Notes: A very scarce wartime history of the Japanese in California that argues that the internment of Japanese and Japanese Americans was a symptom of the same pervasive anti-Japanese attitudes among Americans that had contributed to the Second World War.
The author, according to Yuji Ichioka writing in Before Internment (p. 263), was an "Issei who had lived in California for many years, working as a newspaperman for Japanese immigrant newspapers... The outbreak of the Pacific War found Ebina in Tokyo because he had returned to Japan in November 1941. At the beginning he was employed part-time by NHK Radio to write anti-American radio scripts and served as a commentator on the arrest and detention of Issei leaders and the eventual mass internment of the entire West Coast Japanese California." Ebina's December 1943 book, "Kariforunia to Nihonjin...rehashed the history of anti-Japanese racism in California and attributed the internment of the the West Coast Japanese population to this very same racism. Indeed, in chapter 9, entitled "Beikoku Kanken no Bogyaku" [Official American Atrocities], Ebina insisted that all the arrested and detained Issei leaders were 'innocent non-combatants' who were the victims of 'vicious revenge.'"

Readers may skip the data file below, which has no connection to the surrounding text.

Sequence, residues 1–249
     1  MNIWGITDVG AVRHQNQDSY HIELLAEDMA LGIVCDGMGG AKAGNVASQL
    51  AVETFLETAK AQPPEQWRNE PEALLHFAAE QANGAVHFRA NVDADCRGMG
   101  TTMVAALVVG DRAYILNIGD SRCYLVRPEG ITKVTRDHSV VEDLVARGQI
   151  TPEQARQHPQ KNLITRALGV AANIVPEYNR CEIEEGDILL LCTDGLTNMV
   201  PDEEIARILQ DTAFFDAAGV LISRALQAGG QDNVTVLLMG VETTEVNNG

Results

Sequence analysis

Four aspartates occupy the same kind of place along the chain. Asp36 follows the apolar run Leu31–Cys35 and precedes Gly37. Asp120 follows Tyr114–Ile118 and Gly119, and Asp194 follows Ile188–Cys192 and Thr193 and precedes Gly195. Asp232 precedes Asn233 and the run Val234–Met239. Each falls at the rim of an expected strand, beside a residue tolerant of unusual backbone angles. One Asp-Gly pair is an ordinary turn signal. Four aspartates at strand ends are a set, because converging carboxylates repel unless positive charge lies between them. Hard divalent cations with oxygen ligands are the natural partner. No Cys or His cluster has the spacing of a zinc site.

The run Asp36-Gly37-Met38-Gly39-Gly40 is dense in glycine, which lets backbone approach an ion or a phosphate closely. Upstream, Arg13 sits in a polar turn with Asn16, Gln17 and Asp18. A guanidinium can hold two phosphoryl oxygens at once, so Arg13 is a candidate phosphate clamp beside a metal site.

"A history of Japanese immigrants in California by a former Issei journalist. Reflecting the anti-Anglo-American doctrine of the time, the main focus is on the past anti-Japanese exclusion movement. Includes the wartime internment of Japanese Americans."—A Buried Past II, 1512.
OCLC: 49627122 (Hawaii, Berkeley), 672538907 (NDL)
Edition + Condition: First edition (first printing). A very good copy in tanned wrappers, with worn yapped edges.
Publication: Tokyo: Rokko Shuppanbu, 1943.
Item No: #362061